Around half (51% of men and 45% of women) of employees polled by Censuswide, on behalf of LMS provider, Digits, thought leadership skills are the most essential skill managers should possess.
Verbal communication and teamwork skills ranked joint second for over a third (35%) of people, closely followed by empathy and problem-solving skills (30% and 29% respectively).
Surprisingly, written communication skills came last on the list (8%) – proving to be less popular than a strong work ethic (21%), good time management (18%), and conflict resolution (15%).
Just one in 10 of those surveyed reported having no specific skill requirements of a manager, suggesting that most people do have pre-existing ideas around what makes a good or competent manager to them.
What do ‘leadership skills’ really encompass?
Of course, ‘leadership skills’ is an umbrella term that can mean different things to many people. And it can encompass a range of hard skills (job-related knowledge) and soft skills – transferable skills that help individuals work and interact with others – such as adaptability, flexibility, communication, teamwork, time management and problem-solving.
There is no one-size-fits-all, explains Head of Talent at Digits, Bradley Burgoyne: “We’ve got more generations in the workforce today than we’ve ever had. And, each group of workers prefers slightly different managerial styles and leadership qualities.
“Every individual has their own expectations about how they want their managers to lead them, coach them, support them, relate to them, and empower them. Those skills don’t just happen, even the best managers need to receive regular training and development from their employers.”
He adds: “The challenge for HR and L&D teams is to ensure that their training strategy is broad enough to cater to all levels of employees in the organisation because, I think, everyone benefits from leadership or management development.”
How should training courses be curated?
“It’s important that employers actively listen to their workforce and find out where the skills gaps are – what training do employees think they need? What training do employees think their managers need and what leadership qualities do they respond best to?”, states Burgoyne.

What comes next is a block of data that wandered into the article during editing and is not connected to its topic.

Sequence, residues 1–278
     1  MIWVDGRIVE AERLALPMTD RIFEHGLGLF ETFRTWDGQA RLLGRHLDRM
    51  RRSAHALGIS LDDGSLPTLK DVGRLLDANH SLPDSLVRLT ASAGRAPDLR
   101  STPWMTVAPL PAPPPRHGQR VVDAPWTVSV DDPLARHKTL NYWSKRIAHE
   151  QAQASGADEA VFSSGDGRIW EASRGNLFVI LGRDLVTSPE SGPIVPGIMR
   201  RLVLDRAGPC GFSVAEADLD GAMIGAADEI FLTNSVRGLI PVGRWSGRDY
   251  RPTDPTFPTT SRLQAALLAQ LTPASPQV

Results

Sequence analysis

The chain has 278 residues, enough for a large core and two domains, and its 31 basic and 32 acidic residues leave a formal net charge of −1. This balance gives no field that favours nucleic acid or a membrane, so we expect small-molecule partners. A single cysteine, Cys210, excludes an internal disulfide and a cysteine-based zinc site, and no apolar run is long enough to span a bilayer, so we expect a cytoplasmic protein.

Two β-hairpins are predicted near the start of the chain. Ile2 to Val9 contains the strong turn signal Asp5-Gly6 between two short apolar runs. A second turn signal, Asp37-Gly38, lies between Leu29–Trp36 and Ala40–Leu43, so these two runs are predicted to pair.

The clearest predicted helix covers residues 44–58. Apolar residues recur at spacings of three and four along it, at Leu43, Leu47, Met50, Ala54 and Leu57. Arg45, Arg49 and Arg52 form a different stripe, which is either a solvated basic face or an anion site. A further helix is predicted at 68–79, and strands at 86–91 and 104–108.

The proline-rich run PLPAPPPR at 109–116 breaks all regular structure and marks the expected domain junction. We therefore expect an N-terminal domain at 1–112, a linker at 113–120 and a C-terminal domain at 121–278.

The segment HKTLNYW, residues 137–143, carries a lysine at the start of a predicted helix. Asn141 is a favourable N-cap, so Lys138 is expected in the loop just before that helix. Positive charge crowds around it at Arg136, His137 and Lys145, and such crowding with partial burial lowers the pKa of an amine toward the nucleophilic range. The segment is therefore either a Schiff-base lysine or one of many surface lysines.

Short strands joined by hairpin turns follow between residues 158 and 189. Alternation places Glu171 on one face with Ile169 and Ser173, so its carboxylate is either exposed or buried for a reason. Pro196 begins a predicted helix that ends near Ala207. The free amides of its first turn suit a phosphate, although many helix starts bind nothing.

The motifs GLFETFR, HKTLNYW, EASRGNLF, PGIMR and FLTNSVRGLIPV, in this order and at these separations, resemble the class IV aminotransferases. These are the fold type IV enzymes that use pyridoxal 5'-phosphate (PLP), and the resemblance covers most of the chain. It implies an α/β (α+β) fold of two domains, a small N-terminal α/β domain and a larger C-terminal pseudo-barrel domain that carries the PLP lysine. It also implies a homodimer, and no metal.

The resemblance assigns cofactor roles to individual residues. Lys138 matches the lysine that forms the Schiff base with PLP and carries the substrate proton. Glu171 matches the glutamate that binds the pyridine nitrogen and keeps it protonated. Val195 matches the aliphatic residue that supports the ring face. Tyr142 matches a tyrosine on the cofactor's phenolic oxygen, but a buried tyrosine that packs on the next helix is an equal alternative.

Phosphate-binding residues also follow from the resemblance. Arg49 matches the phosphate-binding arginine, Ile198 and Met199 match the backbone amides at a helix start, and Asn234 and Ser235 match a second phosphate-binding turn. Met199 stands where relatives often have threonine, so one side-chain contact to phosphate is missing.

He adds: “They can then utilise the data to create training courses or a series of engaging development activities in their learning management system, that are really relevant to the people within the organisation rather than something that could, potentially, be seen as just a tick-box exercise.”
According to Burgoyne, some of the core leadership skills of a modern manager include:
- Vision setting– having clear business goals for the team and being able to influence and gain buy-in from team members to work towards that vision. This also includes some change management skills, as setting a vision and taking a team on a journey to reach it, inevitably involves helping people work through change.
- Empathy and listening– builds trust and connection between individuals and their managers. Managers need to be mindful and show their team that they understand and relate to them as human beings, that they recognise that each person has different needs, different skills, and a different perspective on how they approach different situations at work.
- Inclusive leadership– managers that want to create a high performing team need to be able to provide high levels of psychological safety within their teams, where feedback is welcome and encouraged. An environment where everyone feels included and safe enough to provide feedback, feels that the feedback that they provide is valid, and that action will happen as a result, helps to build a team with a sense of purpose in what they’re doing and a growth mindset.
- Coaching skills – rather than always telling people what to do, good managers trust and empower their teams to use their skills and knowledge to find the answers and achieve an outcome. A quality coaching conversation will help someone to realise that they knew the answer all along or feel empowered to go and find the answer. This can support an employee’s sense of purpose and self-validation and create a far more autonomous team.
- Self-awareness– to lead others successfully requires managers to reflect inwards and understand their management style and learn how to adapt it for different situations. There are multiple challenges facing managers today, many that they may not have experienced before, so it’s important to be really agile, adaptable, and constantly thinking about the wider world and how that might need to change your approach.
- Collaboration skills– managers don’t need to have the answers to every question. The world of work is too complex and fast-moving for one person to be able to come up with all the solutions all the time. Encouraging collaboration – with other individuals, other teams and other departments – to find answers by working together or reaching a shared goal through a collaborative process, will help improve the performance of the entire organisation.